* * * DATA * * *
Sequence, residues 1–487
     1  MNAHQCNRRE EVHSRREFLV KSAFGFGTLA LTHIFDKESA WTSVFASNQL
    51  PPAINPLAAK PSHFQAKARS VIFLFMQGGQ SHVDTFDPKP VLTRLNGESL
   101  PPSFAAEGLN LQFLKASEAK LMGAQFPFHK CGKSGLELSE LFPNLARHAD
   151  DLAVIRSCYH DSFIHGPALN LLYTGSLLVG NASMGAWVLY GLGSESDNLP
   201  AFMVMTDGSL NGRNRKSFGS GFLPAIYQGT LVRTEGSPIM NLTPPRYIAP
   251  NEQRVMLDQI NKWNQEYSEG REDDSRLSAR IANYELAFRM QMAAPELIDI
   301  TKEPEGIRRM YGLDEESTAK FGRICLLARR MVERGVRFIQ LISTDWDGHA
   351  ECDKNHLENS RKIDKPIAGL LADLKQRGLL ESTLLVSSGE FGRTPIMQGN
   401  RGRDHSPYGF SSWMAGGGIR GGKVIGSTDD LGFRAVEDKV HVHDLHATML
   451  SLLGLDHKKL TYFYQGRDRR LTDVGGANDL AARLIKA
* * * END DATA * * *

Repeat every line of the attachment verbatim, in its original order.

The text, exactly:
Sequence, residues 1–487
     1  MNAHQCNRRE EVHSRREFLV KSAFGFGTLA LTHIFDKESA WTSVFASNQL
    51  PPAINPLAAK PSHFQAKARS VIFLFMQGGQ SHVDTFDPKP VLTRLNGESL
   101  PPSFAAEGLN LQFLKASEAK LMGAQFPFHK CGKSGLELSE LFPNLARHAD
   151  DLAVIRSCYH DSFIHGPALN LLYTGSLLVG NASMGAWVLY GLGSESDNLP
   201  AFMVMTDGSL NGRNRKSFGS GFLPAIYQGT LVRTEGSPIM NLTPPRYIAP
   251  NEQRVMLDQI NKWNQEYSEG REDDSRLSAR IANYELAFRM QMAAPELIDI
   301  TKEPEGIRRM YGLDEESTAK FGRICLLARR MVERGVRFIQ LISTDWDGHA
   351  ECDKNHLENS RKIDKPIAGL LADLKQRGLL ESTLLVSSGE FGRTPIMQGN
   401  RGRDHSPYGF SSWMAGGGIR GGKVIGSTDD LGFRAVEDKV HVHDLHATML
   451  SLLGLDHKKL TYFYQGRDRR LTDVGGANDL AARLIKA